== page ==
Honolulu Chapter

The importance of having a narrative when confronting the assumption of naturalism | Wintery Knight

November 16, 2014

“It falls to us Christian theists, then, to hold them accountable for their abuse and misrepresentation of science. And that means telling the story of the progress of science accurately, and accurately calling out the religion of naturalism for what it is – a religion rooted in blind faith and ignorance that has been repeatedly and convincingly falsified by the progress of science in the modern era.

Positive arguments for Christian theism:

The kalam cosmological argument and the Big Bang theory

The fine-tuning argument from cosmological constants and quantities

The origin of life, part 1 of 2: the building blocks of life

The origin of life, part 2 of 2: biological information

The sudden origin of phyla in the Cambrian explosion

Galactic habitable zones and circumstellar habitable zones

Irreducible complexity in molecular machines

The creative limits of natural selection and random mutation

Angus Menuge’s ontological argument from reason

Alvin Plantinga’s epistemological argument from reason

William Lane Craig’s moral argument

via The importance of having a narrative when confronting the assumption of naturalism | Wintery Knight.

Philosopher Laszlo Bencze on the Pope’s recent statement on evolution | Uncommon Descent

November 4, 2014

Laszlo Bencze:

“God is not… a magician, but the Creator who brought everything to life,” Francis said. “Evolution in nature is not inconsistent with the notion of creation, because evolution requires the creation of beings that evolve.”

I believe the Catholic church became hyper sensitized to issues of science vs. religion as a result of the Galileo debacle. This became a huge embarrassment to Catholicism. It was a clash that no pope wished ever to repeat. Post Galileo the church moved ever closer to uncritical acceptance of scientific theories. This accommodation posed no problems so long as the theories were actually physical rather than metaphysical. Thus Newton’s mechanics, Boyle’s law, and Lavoisier’s oxygen theory of combustion meshed uncontroversially with church doctrine.

Unfortunately Darwinism appeared mid 19th century posing as a normal physical theory about how the world works when in fact it was metaphysical speculation. Gun shy Catholicism accepted its claims at face value without doing the careful study that discernment demanded. As a result it was saddled with a fundamental contradiction: belief in a creator god who science had divested of all creative power. To say that science was wrong was to align the church with Protestant fundamentalists who protested in a style that was unseemly and tainted with an anti-science stance the church had long abandoned. Yet to unreservedly endorse evolution was clearly to abdicate all authority to an atheistic secularism.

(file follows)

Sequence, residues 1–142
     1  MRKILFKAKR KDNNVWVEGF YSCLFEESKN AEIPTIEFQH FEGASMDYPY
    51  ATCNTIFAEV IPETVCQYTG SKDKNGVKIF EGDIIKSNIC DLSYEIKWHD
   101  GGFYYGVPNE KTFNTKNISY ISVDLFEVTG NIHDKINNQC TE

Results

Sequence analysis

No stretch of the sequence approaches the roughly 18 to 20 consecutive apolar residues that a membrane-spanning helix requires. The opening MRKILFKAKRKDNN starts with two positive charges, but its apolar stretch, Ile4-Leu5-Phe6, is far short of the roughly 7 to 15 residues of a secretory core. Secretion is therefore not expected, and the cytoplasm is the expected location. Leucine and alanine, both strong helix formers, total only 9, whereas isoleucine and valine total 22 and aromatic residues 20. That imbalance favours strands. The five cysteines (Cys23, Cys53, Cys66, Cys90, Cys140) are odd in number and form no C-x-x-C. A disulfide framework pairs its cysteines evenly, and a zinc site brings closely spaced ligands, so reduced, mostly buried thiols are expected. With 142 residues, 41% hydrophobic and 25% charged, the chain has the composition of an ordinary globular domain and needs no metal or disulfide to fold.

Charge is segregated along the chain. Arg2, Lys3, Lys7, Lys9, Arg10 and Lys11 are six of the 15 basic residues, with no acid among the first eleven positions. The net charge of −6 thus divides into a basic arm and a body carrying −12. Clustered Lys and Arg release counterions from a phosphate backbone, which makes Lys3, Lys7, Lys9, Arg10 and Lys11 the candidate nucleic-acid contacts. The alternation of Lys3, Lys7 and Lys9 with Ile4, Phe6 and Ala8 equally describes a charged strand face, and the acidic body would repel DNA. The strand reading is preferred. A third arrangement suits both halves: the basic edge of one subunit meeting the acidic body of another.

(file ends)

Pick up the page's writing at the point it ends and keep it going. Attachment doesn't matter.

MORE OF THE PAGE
So the church in its struggles to avoid the two ends of the spectrum eventually cobbled together a compromise solution perhaps best exemplified by Teilhard DeChardin’s The Phenomenon of Man. God let things run their course according to the “laws of evolution” interfering only on three occasions—the beginning of life, the creation of man, and the birth and resurrection of Jesus.

Though DeChardin did not receive official approval of that book, it now seems to have become the defacto stance of the Catholic church. The pope genuflects to Darwin because not to do so is to seem irrelevant and foolish in a world which has accepted Darwin as the Messiah. Yet the pope also reserves a few strongholds for god in a self-referentially incoherent system known as “theistic evolution.”

via Philosopher Laszlo Bencze on the Pope’s recent statement on evolution | Uncommon Descent.

The world is changing: Someone noticed what “evolutionary science” has become, and laughed | Uncommon Descent

November 3, 2014

The world is changing: Someone noticed what “evolutionary science” has become, and laughed | Uncommon Descent.

In San Francisco, at the Bad Ad Hoc Hypothesis (BAHfest):

The premise is simple: Six finalists are chosen out of hundreds of submissions every year to present a well argued, but completely incorrect, evolutionary theory in front of a live audience. The most creative presentation wins. While the science is bunk, the judges are not. The festival began as part of the Cambridge Science Festival in Boston, and as a result, members of the judicial panel include both Harvard and MIT staff members and working scientists.”…